Premature birth linked with less intelligence and less adult wealth, according to University of Warwick research

Professor says study is important to highlight 'the need for extra support at school for children who are born pre-term'

People who were born prematurely are less intelligent later on in life and earn less money as a result, according to a new study by the University of Warwick.

Researchers at the Coventry-based institution said they found a link which connects pre-term birth with low reading and, in particular, maths skills which affect the amount of wealth accumulated as adults.

Funded by the Nuffield Foundation, the researchers examined data from two other large studies, following children born more than a decade apart, with one group from 1958 and the other from 1970.

In total, more than 15,000 individuals were surveyed – which recruited all children born in a single week in England, Scotland, and Wales. Data were examined for all individuals who were born at between 28 and 42 weeks gestational age, and who had available wealth information at the age of 42.

Those participants who were born pre-term – at less than 37 weeks – were compared with those who were born full-term to find both groups’ mathematical ability in childhood had a direct effect on how much they earned as an adult, regardless of later educational qualifications.

In order to measure adult wealth, the researchers looked at factors including: family income and social class, housing and employment status, and their own perceptions of their financial situation.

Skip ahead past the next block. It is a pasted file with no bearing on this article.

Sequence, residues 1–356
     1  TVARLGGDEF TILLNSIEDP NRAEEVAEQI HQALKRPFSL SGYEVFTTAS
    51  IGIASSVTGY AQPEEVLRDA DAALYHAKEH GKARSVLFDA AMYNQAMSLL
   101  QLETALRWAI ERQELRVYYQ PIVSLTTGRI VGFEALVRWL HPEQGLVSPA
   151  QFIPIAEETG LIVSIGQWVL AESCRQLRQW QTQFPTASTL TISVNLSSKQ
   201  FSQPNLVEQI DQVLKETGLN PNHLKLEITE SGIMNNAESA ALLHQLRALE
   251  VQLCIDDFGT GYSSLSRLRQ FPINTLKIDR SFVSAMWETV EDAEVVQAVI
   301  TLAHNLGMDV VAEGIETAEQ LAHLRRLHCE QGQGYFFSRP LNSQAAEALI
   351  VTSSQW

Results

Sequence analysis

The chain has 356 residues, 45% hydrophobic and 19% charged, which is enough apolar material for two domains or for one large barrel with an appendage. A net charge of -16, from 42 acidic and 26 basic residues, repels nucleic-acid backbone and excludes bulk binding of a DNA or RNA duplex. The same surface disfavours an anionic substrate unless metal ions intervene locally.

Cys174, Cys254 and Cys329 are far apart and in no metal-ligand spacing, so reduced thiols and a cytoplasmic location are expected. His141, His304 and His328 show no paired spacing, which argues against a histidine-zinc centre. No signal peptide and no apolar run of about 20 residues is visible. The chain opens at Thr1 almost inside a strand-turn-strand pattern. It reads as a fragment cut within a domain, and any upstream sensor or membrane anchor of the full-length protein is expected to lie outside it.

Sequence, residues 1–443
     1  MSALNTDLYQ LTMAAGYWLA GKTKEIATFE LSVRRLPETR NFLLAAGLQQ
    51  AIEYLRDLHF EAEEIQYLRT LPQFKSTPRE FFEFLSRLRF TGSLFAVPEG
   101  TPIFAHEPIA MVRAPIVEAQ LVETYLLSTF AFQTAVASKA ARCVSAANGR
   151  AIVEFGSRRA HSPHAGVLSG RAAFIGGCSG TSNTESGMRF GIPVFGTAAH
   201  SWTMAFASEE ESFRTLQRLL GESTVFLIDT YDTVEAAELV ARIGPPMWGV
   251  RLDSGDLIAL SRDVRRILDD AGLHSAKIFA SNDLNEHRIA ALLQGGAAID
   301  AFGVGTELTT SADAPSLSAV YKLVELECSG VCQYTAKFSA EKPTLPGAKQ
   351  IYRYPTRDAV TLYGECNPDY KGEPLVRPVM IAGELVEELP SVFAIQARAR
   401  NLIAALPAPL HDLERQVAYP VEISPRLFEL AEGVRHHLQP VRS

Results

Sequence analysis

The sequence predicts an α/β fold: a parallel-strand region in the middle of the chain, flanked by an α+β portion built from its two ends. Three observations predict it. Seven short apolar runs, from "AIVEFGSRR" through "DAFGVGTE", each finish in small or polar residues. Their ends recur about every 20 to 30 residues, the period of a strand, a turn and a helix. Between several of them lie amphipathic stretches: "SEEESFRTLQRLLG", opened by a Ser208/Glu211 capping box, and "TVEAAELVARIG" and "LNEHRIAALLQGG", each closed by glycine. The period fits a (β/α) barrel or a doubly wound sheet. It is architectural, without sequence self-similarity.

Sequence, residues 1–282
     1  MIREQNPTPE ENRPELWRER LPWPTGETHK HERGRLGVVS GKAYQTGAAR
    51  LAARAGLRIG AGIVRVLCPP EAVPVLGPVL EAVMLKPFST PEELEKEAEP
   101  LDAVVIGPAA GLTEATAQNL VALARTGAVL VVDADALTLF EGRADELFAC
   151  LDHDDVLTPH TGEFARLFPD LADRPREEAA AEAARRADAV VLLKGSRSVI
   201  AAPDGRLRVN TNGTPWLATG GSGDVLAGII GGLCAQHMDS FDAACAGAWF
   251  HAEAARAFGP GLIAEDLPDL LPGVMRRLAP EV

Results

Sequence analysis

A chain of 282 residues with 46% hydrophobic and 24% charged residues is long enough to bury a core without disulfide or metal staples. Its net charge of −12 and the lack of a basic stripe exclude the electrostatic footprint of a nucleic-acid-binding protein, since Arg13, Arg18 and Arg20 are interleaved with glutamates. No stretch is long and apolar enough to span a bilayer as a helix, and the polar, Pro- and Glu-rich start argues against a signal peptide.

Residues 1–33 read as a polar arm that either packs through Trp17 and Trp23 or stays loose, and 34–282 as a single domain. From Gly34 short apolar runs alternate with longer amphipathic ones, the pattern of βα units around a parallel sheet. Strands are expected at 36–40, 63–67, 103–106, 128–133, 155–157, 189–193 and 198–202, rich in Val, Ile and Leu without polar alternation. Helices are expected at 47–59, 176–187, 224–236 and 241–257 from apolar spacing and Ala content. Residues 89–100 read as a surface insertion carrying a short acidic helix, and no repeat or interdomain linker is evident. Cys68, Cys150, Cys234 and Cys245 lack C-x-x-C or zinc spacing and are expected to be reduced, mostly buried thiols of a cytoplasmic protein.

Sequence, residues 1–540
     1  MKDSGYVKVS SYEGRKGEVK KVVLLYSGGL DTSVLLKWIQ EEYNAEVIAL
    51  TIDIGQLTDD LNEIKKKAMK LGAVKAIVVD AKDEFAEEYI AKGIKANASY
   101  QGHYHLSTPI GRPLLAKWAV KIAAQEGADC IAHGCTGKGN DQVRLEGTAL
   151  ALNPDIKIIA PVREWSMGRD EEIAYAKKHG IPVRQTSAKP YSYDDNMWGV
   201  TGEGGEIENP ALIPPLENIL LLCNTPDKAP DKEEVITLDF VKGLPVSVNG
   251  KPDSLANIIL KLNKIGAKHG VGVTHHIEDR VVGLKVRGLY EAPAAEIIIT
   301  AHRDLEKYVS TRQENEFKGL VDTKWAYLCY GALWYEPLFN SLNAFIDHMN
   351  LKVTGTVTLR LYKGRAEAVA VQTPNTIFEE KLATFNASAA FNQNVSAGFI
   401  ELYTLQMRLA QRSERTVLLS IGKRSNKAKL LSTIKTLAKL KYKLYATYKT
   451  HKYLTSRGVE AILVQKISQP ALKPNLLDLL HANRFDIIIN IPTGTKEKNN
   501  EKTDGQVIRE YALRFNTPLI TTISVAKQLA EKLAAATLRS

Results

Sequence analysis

In regards to academic abilities, they examined: validated measures for mathematics, reading, and intelligence, along with ratings from teachers and parents.

From these variables, a number of inequalities in wealth and employment emerged from the 1970 cohort: 32.5 per cent of adults born pre-term were manual workers – compared with 25 per cent of those born full-term – and 3.3 per cent were unemployed when compared with 2.5 per cent born full-term.

Finally, 57.6 per cent versus 49.1 per cent had a below average family income, and similar figures were found to apply to the 1958 group too.

Birth weight, maternal prenatal health, and parental education and social class were the other variables taken into consideration throughout the study.

Despite most of the studied children being born, on average, only five weeks early, co-author of the study, Maartje Basten, said it was surprising to find long lasting effects were still evident.

The head of the research, Professor Dieter Wolke, highlighted the importance of the study because it could be used to flag up the need for extra support at school for children who are born pre-term.

Published in the Association of Psychological Science’s journal Psychological Science, he described how numerical ability is important for making financial decisions in adulthood. Previous studies, he said, have linked difficulty with maths to challenges managing personal finances – and even defaulting on mortgages.

He said: “Basic mathematical skills are increasingly important in modern jobs. Being able to identify cognitive problems early on could result in specialist, tailored education being developed to help prevent these children underachieving at school and later on as adults.”

On a global scale, 11 per cent of infants are born pre-term which amounts to around 15 million births each year – and this figure is rising. In 1990, for example, 7.2 per cent were born before 37 weeks compared with 2010 when the figure increased to 8.6 per cent.

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